NZ First is beset with tension and speculation as observers wait to see whether Ron Mark has displaced Tracey Martin as deputy leader.

Sources close to the party say Mr Mark was promised on his return to Parliament last year by Leader Winston Peters that he could become the deputy.

But Mr Peters is said to be uncomfortable with him pushing the matter right now.

Whether that means the party has had or will soon have a vote is unclear.

It might even stretch the matter out for a longer period of time.

The party’s agm and conference is only four weeks away and that could be the venue for any announcement on the future of the leadership. Or the party might want to have it wrapped up now and present the new leadership as a fait accompli to the conference.

Mr Mark’s own reputation is under a bit of a cloud after comments he made in Parliament last month suggesting the Iraqi army solders being trained by the New Zealanders were cowards.

Mr Mark is a former solder and the party’s defence spokesman.

The comments led to a senior Labour MP approaching Mr Peters suggesting he rope Mr Mark in.

And Government sources said the remarks had angered New Zealand troops in Iraq.


Perhaps chastened he was notably at pains to praise those Kiwi troops during a Select Committee hearing last week.

His other problem if he were to assume the leadership would be the present incumbent, Tracey Martin, whose mother Anne is party President and on whom Mr Peters relies for the administration of the party.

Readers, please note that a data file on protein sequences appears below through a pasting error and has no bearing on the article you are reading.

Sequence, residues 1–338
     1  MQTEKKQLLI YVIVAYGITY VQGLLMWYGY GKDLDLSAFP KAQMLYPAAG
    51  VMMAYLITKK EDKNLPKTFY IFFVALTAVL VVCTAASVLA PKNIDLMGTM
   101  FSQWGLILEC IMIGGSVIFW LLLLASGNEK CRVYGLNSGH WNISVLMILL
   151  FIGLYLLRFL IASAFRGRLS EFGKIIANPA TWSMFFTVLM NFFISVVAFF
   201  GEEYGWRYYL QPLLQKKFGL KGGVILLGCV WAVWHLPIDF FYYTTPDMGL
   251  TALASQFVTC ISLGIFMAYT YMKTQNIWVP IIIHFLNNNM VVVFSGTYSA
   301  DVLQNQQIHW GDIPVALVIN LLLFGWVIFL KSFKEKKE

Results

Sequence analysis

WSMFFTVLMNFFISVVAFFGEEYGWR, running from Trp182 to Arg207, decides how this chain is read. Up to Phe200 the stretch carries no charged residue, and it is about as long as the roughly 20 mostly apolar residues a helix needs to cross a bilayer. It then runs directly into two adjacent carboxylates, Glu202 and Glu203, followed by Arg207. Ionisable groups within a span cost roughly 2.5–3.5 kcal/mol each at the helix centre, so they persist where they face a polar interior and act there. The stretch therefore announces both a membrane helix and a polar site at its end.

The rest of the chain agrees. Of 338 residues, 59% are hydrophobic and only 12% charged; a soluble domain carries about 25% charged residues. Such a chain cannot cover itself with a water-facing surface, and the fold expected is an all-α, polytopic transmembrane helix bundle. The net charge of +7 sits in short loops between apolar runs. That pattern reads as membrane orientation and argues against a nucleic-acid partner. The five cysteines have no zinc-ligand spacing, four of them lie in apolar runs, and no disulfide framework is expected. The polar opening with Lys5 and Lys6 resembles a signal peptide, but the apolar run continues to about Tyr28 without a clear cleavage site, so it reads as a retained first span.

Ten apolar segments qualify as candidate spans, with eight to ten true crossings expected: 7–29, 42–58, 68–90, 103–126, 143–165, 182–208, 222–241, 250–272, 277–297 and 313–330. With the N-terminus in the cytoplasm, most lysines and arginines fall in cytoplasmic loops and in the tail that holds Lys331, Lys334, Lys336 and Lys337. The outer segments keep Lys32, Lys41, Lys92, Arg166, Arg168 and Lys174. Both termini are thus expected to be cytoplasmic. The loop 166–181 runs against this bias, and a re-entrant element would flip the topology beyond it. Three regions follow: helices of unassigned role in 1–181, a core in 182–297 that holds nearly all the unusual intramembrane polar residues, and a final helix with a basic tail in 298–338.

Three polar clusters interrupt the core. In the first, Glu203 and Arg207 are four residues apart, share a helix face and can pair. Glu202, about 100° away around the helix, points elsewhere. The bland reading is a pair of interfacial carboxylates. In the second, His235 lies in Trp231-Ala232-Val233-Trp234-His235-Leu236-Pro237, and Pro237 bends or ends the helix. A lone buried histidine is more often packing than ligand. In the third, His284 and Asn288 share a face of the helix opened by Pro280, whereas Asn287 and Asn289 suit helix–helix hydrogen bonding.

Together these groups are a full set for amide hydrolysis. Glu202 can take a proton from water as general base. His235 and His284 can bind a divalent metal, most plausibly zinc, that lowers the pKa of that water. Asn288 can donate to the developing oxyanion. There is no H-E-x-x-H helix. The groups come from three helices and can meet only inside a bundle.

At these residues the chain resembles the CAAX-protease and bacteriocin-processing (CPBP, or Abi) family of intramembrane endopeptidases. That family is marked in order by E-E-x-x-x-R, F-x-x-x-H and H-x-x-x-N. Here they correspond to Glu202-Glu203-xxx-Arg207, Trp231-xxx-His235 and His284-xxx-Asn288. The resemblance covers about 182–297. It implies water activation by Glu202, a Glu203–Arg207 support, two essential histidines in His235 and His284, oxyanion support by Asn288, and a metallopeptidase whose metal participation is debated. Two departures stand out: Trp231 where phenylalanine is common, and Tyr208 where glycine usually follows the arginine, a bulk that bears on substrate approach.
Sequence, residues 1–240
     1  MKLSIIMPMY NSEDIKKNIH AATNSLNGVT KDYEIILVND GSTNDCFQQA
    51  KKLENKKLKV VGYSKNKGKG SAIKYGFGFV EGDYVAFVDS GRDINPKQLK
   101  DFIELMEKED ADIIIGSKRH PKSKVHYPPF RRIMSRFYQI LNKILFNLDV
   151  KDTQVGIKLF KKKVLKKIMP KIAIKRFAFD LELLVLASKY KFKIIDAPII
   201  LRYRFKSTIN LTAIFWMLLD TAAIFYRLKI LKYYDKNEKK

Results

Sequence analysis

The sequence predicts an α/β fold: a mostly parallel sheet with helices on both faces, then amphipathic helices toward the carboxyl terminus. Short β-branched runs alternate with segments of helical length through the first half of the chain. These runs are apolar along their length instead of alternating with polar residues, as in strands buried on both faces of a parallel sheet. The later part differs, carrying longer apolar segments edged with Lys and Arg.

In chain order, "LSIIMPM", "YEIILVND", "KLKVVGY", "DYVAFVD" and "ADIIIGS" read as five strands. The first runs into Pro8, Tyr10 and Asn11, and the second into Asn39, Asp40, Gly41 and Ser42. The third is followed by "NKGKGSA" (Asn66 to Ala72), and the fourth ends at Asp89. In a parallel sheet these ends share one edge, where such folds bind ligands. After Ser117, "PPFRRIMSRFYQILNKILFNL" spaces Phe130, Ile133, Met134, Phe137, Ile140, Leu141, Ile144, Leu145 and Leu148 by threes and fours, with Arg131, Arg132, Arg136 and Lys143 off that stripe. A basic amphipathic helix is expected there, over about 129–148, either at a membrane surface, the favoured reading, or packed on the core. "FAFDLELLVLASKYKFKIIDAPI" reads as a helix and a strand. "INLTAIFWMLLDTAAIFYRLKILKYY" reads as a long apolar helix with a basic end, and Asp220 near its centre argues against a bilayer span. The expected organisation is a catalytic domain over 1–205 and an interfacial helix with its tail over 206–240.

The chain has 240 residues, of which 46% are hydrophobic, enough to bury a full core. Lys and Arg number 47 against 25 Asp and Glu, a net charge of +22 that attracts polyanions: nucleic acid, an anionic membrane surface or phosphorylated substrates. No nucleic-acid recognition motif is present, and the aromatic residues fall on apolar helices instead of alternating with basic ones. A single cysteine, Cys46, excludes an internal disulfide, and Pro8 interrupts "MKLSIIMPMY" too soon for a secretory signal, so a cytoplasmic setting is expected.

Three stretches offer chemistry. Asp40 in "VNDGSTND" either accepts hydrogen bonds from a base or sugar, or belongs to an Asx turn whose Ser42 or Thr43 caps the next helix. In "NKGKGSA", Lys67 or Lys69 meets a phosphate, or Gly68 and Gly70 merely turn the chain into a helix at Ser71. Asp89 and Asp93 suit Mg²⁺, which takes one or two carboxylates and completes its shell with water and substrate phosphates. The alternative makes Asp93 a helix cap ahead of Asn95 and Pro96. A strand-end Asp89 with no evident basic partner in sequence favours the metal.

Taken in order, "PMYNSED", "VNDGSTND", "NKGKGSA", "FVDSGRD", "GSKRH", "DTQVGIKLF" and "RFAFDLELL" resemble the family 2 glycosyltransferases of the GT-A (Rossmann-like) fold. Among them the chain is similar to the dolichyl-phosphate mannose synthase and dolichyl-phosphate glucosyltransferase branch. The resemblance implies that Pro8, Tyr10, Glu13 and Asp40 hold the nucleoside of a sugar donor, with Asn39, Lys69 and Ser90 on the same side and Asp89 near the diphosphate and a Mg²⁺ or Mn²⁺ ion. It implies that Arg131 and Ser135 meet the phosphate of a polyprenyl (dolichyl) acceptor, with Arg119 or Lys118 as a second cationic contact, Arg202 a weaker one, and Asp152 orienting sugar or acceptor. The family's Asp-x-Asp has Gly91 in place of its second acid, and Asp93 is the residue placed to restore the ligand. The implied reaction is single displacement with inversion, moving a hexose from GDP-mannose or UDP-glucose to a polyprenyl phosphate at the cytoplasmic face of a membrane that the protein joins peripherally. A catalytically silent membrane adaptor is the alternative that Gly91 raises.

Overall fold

Ms Martin is one of only two women in the NZ First caucus, a point she often herself often makes.

The Labour Party would be more comfortable with her than Mr Mark who generally holds conservative views.

He has been a strong advocate within the party of it becoming more of a provincial party and is close to its new Chief of Staff, the former Federated Farmers’ Communications Chief, David Broome.

Mr Mark is these days also frequently critical, sometimes passionately so, of the National Party.

But National Party sources say that back in the 90s he approached National about possibly joining them but was rebuffed.

And then there is the elephant in the room — former Labour Minister and close friend of Mr Peters, Shane Jones.

There has been ongoing speculation that Mr Jones would be a logical replacement as Leader to Mr Peters.

He has popular appeal, Ministerial experience and is another high flying Ngapuhi Maori.

But when he might chose to come back to Parliament is another uncertainty.

What all this adds up to is an impression of uncharacteristic doubts within the party about how to go forward.

Mr Peters may be 70 but he is showing no sign of slowing down and he seems to have been invigorated and focussed by his Northland by-election win.

Mr Broome’s appointment has given the party a new energy level within Parliament and though its new MPs Fletcher Tabuteau and Clayton Mitchell, are plainly still feeling their way they show signs of being capable of becoming useful members of the NZ First Caucus.

Those factors plus the potential ripples a move by Ron Mark might create suggest that his elevation now would not be in the best interests of the party.

But Mr Mark first learned his politics in the Labour Party where Mike Moore was his mentor.

And Mr Moore’s first law of politics is “why not me?”

Maybe we will know today. But with New Zealand First you always need to qualify things, so maybe we won’t.